FROM THE EDITOR

What Is the Best Approach to Annual Wellness Visits for Seniors?

 

Maybe it is time to change the way I do things – yet again.

Fam Pract Manag. 2017 Mar-Apr;24(2):3.

The Medicare annual wellness visit (AWV) is surprisingly underused. In this issue, Daniel Bluestein, MD, and his colleagues present an interesting model for encouraging more of these exams by using nurse care managers. Whether or not you are a fan of the AWV, this raises some interesting questions.

Is an AWV performed by a registered nurse care manager likely to be as effective in screening and satisfying the patient as one performed by a physician, a nurse practitioner (NP), or a physician assistant (PA)? Should an AWV be the only annual “comprehensive” visit for seniors? Why do a number of physicians feel disdain for the AWV?

First, a little history.

The annual “physical” is a beloved 20th century invention that took hold in the 1940s. Yet by the 1980s many prestigious medical organizations recommended scaling back the physical exam and focusing instead on preventive screening and counseling.1 At present, the U.S. Preventive Services Task Force recommends against most routine physical examination screening of asymptomatic adults 65 and older.2

But much of the public still considers an annual physical to be good medical care, and many physicians appear to agree. I know physicians who won't do an AWV because they feel it is inferior to the traditional preventive health visit that includes an exam (even though Medicare has never actually paid for that). Evidence-based guidelines appear to fall short of public and professional sentiment here. Perhaps the ritual of a physical exam, conveying the comfort of touch and reassuring thoroughness, helps solidify the doctor-patient relationship. The benefits of these sorts of interactions are hard to measure, but they seem pretty compelling to us clinicians as well.

I strongly support doing AWVs with all of my senior patients. A number of the components, including updating immunizations, screening for depression, hypertension, and obesity, and counseling for tobacco and alcohol use, have good evidence to support them. Doing a functional status review, screening for fall risk and cognitive abilities, and discussing advance directives also make sense to me.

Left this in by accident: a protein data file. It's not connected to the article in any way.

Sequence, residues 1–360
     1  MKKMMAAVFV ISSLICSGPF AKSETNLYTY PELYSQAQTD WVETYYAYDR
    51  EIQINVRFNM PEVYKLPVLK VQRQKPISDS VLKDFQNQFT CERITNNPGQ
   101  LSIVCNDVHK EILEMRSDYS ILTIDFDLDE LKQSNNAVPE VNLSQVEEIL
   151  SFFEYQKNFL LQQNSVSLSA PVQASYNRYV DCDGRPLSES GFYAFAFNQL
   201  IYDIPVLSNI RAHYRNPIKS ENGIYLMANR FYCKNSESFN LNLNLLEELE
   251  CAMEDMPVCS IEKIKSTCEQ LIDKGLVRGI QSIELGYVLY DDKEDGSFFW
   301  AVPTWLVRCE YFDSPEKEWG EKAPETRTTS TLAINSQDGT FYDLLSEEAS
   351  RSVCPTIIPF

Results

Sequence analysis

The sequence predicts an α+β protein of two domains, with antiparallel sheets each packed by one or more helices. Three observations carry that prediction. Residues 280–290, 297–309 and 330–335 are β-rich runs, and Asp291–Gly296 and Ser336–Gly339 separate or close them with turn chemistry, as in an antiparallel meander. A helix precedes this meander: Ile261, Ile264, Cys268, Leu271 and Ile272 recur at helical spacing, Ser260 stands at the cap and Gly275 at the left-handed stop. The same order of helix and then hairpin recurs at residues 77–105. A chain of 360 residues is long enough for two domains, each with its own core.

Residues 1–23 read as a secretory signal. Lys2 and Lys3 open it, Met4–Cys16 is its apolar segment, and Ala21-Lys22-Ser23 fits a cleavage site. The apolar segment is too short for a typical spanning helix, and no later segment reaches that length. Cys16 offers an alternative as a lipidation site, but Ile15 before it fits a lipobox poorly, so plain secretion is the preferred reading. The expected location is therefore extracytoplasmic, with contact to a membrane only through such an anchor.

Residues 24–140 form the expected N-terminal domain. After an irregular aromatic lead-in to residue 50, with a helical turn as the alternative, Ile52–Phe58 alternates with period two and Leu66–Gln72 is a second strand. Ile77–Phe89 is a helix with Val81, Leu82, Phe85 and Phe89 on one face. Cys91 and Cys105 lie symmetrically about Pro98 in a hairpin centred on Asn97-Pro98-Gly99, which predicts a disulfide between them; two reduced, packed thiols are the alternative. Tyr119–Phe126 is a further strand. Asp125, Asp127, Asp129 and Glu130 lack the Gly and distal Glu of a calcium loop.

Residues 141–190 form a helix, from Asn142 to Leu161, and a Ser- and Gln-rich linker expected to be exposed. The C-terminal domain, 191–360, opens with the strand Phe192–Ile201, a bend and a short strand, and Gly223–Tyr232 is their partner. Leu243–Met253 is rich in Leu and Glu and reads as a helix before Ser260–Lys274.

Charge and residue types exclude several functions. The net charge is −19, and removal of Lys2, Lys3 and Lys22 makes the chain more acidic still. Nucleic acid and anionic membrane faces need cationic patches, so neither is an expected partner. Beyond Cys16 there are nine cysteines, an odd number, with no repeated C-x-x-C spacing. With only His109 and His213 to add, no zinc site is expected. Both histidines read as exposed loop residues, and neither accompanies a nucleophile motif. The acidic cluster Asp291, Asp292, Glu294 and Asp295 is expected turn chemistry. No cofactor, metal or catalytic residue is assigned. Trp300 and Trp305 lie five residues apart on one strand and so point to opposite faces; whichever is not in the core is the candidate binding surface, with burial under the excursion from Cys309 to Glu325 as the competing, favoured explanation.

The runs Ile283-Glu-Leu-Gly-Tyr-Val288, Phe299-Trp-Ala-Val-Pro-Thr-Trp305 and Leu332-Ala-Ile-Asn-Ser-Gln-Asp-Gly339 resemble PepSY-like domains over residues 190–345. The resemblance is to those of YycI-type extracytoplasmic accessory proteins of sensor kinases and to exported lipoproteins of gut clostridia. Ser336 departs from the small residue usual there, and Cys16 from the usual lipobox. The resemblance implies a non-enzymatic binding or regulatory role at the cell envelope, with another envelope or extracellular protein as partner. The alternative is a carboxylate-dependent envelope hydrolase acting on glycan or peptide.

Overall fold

Almost every senior in my practice has at least one chronic problem and takes medication for it, so I include a chronic problem review and problem-focused physical exam and explore new patient concerns with almost every AWV I do. I document and bill both an AWV and a regular evaluation and management visit, which can take up to 45 minutes each. Patients really appear to appreciate these comprehensive visits, and they pay well. But doing more than two per four-hour session can be grueling.

Perhaps a less taxing approach would be what the article in this issue suggests: Have a nonphysician do the health risk assessment and counseling and have the physician do the “disease” stuff. I am ambivalent and feel compelled to do both. But I am thinking maybe it is time to change the way I do things – yet again.

Please share your comments with us: How do you approach “annual visits?” Do you spend a lot of time doing screening and counseling? Do you still do an exhaustive physical exam, or is it limited? Do you address every concern a patient saves up for that special visit? What do you think about having a nurse or NP or PA doing the AWV instead of you? We look forward to hearing from you.

References

1. Bloomfield HE, Wilt TJ. Evidence brief: role of the annual comprehensive physical examination in the asymptomatic adult. Washington, DC: U.S. Department of Veterans Affairs; 2011.

2. Published recommendations. U.S. Preventive Services Task Force web site. http://bit.ly/2fDNQws. Updated February 2017. Accessed Feb. 6, 2017.

 
 

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